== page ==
- Cindy Littlefair serves as school board member for Peninsula South, West and Armdale, is the mother of four mostly grown kids, has a day job and is undecided about whether she’s running again for school board. Regardless, she believes in a good race.
What do you think? Mayor? Councillor? Or maybe you secretly long to be a school board member. If so, the following is for you. Speaking personally, it’s been a fantastic experience being a school board member. I’ve loved it. I’ve hated it. And most days I fall somewhere in between. It’s an honour and a privilege and I recommend it to anyone who believes and wants to invest personally in public education. Elections are in October, so there’s still plenty of time to prepare with these tips.
1. Attend meetings: Being there in person provides the full picture. And do some homework ahead of time: go online, read agendas and attachments, jot down thoughts, questions and your position on decision items.
2. Read the Education Act: It’s rambling, hard to follow, in need of overhaul and your new bible. Read the board’s guiding documents: strategic plan, business plan, budget, long range outlook, minutes, reports and policies. They’re online too. The strategic plan expires in 2017. How will you improve it? (Hint: Whatever you do, connect it to student learning. That’s as it is with all things.)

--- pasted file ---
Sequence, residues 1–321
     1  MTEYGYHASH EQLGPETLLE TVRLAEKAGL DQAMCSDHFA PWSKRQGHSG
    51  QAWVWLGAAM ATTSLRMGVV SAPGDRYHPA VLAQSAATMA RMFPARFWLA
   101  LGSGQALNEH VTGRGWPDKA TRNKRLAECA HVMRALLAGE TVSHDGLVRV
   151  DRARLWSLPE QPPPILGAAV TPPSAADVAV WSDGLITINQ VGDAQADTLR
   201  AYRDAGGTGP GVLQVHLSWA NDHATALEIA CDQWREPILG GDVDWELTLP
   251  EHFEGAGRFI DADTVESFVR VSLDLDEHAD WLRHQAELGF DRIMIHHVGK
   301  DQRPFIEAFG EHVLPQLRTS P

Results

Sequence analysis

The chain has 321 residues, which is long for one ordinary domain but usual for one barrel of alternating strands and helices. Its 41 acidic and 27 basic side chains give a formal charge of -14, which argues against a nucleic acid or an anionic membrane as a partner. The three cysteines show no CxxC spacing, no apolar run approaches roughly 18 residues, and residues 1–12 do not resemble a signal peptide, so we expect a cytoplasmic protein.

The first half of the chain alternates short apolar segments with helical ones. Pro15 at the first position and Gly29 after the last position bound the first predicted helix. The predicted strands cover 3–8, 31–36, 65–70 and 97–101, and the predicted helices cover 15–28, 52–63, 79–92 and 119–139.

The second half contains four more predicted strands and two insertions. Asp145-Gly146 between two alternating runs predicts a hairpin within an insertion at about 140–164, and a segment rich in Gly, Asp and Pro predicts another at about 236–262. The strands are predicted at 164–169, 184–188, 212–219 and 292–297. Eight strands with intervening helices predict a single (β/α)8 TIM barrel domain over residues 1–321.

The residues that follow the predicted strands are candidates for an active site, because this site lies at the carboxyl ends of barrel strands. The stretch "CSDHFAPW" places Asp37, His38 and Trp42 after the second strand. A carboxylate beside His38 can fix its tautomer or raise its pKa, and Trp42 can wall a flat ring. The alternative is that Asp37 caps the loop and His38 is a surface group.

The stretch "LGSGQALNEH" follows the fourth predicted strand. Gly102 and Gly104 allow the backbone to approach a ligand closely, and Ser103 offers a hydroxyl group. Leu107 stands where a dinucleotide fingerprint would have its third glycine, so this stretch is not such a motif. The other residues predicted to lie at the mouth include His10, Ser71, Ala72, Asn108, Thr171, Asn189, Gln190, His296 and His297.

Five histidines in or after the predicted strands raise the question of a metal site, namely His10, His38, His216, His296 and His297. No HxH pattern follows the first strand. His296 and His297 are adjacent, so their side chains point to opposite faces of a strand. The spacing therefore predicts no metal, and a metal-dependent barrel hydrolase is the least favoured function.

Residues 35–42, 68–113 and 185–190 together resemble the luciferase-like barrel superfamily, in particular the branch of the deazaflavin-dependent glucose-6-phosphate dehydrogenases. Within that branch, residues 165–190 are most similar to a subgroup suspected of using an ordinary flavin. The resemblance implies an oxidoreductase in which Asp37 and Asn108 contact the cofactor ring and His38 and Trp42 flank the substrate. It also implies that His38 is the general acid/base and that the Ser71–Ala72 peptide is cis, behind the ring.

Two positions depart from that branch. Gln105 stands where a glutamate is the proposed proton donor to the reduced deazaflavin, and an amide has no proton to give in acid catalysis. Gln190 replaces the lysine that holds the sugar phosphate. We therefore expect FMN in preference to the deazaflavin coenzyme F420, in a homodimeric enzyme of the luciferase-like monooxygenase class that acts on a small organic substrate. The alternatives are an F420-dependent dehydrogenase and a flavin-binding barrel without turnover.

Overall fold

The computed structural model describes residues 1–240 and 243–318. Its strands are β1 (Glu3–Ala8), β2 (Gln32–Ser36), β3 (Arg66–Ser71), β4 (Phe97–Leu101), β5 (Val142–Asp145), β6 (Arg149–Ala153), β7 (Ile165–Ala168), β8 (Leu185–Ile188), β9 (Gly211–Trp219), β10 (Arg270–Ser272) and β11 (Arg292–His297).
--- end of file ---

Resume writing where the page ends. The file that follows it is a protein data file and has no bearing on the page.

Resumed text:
3. Plug into a School Advisory Council: There’s one at every school, advising the principal. Whether parent or community member you can attend and observe. Find out what’s on peoples’ minds. SACs are one-third of the elected voice of education in this province along with the minister of Education and school board members.
4. Ask yourself why you want the job: I wanted to fix the school board. I disagreed with something staff had done, turned that into generalized condemnation and arrived ready to do battle. The problem? Being a board member isn’t about that. Board staff are good at what they do: the day-to-day running of the system. The governing board needs to be just as good at what it does: providing direction. That involves more than nursing pet peeves and grandstanding. It means understanding the whole system in all its complexity and acting with the best interests of 136 schools, almost 50,000 students and a few hundred thousand citizens in mind. That’s how you serve public education: With students and equity front and centre.
5. On the edge of a knife: While essential that you understand and respect the system, you’re there to represent constituents. Be their voice. This means being conflicted. Within your district there will be disagreement—not only with you but with one another. How will you handle it? Are you an appeaser who, as Winston Churchill said, “feeds a crocodile hoping it will eat him last?” Or will you take it all in, all the information your vantage point affords, and form your own opinion? You have to figure out how to marry district representation with that of of every child and citizen. Being there for your schools and issues alone won’t cut it. That means hard decisions and being taken to task.
6. How much time do you have? It’s a part-time job with full-time aspirations. It’s meant to fit in around the edges of your life. The work is demanding and preparation essential. The board recently received a 115-page package with the agenda; there were five days to read and digest. Generally speaking, the work takes five to 15 hours a week. And the learning curve is steep. My first year it felt like drinking from a fire hydrant. Public office is a right that comes with a lot of responsibility.